New Voices in Asian Research is a collection of papers based on essays that were awarded a YCAR Undergraduate Asian or Asian Diaspora Essay Award.
2019: Volume 03
In her essay, Harkit considers how patients at the Drug De-addiction Centre in the Indian state of Jammu and Kashmir reconfigure their relationship to substance abuse through the performance of alternate narratives that are embedded with understandings of romantic love, Sufi thought and nasha (intoxication) to resist the clinic’s ‘recovery’ techniques linked to the structures of military rule. This paper was written for the Making Sense of a Changing World: Anthropology Today (SAP/ANTH 1120) course and was awarded the 2019 Undergraduate Asia Essay Award.
Safa’s study focused on the Model Minority Stereotype (MMS), which depicts Asians as scoring high in certain seemingly positive attributes (e.g., competence and achievement), whilst also scoring high in seemingly negative traits (e.g., unsociability and emotional reservation). Previous research on this topic has largely focused on East Asian American samples, finding that internalization of the MMS can have psychologically harmful effects on these individuals. Safa employed qualitative and quantitative methods to explore whether or not the MMS exists in South Asian Canadian populations. This essay was written for an independent study course in Psychology and received the 2019 Undergraduate Asian Disapora Essay Award.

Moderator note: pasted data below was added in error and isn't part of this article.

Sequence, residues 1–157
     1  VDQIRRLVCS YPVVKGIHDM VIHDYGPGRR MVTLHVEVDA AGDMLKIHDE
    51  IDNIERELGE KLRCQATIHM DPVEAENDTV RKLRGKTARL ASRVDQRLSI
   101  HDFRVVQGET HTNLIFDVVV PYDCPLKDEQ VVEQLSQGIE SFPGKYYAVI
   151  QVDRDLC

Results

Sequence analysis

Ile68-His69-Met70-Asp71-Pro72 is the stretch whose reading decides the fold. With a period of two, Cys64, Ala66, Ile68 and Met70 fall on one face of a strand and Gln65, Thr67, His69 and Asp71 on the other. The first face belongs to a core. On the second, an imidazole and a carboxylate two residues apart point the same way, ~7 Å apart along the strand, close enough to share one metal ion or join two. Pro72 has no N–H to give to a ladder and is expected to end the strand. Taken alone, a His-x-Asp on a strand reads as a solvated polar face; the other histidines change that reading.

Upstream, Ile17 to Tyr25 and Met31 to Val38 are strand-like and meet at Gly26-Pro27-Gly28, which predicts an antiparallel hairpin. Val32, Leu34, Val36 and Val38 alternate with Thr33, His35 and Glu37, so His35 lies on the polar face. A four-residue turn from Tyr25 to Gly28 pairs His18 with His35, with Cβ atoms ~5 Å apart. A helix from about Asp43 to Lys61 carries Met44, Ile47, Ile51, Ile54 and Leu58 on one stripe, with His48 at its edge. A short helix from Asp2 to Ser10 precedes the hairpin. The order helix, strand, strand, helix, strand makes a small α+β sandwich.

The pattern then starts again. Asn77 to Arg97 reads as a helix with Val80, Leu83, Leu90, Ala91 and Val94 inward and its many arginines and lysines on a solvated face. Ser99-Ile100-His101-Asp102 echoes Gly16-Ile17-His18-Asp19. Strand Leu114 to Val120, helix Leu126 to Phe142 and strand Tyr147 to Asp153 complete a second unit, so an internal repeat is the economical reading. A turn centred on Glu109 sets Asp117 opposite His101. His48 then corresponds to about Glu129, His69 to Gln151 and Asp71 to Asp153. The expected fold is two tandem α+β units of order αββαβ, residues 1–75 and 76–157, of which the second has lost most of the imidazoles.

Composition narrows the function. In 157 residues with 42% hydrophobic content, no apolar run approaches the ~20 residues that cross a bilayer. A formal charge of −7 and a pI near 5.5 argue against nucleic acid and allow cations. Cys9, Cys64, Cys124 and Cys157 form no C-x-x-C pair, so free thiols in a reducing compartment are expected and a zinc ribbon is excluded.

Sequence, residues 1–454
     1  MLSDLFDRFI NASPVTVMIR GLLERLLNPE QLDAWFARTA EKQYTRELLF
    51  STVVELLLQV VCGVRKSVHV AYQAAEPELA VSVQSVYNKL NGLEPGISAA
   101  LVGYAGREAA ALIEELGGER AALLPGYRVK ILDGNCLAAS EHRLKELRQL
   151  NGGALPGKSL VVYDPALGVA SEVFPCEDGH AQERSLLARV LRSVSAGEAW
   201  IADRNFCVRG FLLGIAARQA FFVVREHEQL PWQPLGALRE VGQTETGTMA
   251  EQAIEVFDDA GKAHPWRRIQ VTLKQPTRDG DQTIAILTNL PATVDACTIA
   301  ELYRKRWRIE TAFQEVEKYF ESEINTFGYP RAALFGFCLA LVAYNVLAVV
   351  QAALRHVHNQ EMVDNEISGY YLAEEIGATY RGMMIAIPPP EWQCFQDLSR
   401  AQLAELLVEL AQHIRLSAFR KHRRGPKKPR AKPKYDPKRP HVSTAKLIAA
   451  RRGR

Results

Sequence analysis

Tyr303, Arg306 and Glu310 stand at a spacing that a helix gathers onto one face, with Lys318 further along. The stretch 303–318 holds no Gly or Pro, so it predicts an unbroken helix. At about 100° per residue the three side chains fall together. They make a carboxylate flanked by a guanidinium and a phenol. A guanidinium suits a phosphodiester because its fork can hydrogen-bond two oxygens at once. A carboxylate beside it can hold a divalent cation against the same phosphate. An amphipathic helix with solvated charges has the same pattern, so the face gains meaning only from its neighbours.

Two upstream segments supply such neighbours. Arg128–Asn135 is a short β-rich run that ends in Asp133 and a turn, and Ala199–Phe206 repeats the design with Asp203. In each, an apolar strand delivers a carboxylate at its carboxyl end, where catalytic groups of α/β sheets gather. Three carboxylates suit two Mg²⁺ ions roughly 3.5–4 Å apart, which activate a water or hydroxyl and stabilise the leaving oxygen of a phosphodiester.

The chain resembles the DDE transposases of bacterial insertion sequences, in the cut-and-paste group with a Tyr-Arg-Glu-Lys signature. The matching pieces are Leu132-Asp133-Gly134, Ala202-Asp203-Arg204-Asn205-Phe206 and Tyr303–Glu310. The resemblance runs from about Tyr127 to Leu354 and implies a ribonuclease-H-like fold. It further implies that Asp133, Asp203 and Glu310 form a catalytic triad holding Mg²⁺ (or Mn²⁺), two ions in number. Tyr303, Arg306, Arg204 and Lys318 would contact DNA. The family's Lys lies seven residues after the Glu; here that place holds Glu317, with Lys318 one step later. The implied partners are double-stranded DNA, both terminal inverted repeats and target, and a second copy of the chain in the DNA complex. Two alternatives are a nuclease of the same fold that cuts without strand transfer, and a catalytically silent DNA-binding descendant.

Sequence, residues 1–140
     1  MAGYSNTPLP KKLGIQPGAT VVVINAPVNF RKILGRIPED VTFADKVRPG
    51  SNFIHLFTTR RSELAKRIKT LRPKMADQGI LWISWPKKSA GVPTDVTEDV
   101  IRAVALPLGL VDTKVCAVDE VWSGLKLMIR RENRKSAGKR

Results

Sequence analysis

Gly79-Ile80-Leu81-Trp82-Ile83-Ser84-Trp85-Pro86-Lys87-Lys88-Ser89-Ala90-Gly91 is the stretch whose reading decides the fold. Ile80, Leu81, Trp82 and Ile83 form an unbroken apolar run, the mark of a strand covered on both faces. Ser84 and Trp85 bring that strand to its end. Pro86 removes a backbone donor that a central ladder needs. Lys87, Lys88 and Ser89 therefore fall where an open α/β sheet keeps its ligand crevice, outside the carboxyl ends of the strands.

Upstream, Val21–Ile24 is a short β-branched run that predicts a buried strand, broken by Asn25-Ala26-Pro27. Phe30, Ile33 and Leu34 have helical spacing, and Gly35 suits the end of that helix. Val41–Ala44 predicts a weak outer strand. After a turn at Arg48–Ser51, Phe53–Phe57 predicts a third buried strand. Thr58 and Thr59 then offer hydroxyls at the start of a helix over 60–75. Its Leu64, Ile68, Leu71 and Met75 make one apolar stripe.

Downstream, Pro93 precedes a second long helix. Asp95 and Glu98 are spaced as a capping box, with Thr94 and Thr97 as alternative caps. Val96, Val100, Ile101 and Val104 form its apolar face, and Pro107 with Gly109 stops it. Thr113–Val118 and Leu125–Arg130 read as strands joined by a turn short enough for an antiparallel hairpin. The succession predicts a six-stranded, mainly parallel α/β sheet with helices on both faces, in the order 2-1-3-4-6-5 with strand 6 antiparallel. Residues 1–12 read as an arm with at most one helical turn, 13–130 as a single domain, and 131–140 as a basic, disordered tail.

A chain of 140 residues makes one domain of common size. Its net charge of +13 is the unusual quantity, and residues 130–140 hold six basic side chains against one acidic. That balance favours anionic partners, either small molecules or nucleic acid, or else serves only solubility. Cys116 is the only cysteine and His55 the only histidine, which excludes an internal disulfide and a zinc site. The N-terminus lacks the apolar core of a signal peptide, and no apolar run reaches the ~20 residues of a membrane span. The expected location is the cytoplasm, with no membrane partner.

2017: Volume 02
In this essay, Behzad analyzes themes of gender, violence and nationalism in Rukhsana Ahmad’s short story, “The Spell and the Ever-Changing Moon.” An earlier version of this essay was produced for the course, South Asian Literature and Culture (HND 2700) at York University and was awarded the 2017 York Centre for Asian Research Undergraduate Essay Award.
2016: Volume 01
The Making of Bangladesh
Based on an oral narrative, Alavi analyzes competing nationalist myths that informed the events and aftermath of the 1971 Bangladesh War of Independence in this paper. An earlier version of this essay was produced for the course Introduction to South Asian Studies (SOSC 2435) at York University.
In this paper, Rahman analyzes diasporic Indian characters from Jhumpa
Lahiri’s book of short stories, Unaccustomed Earth. An earlier version of this paper was produced for the course South Asian Literature and Culture (HND 2700) at York University.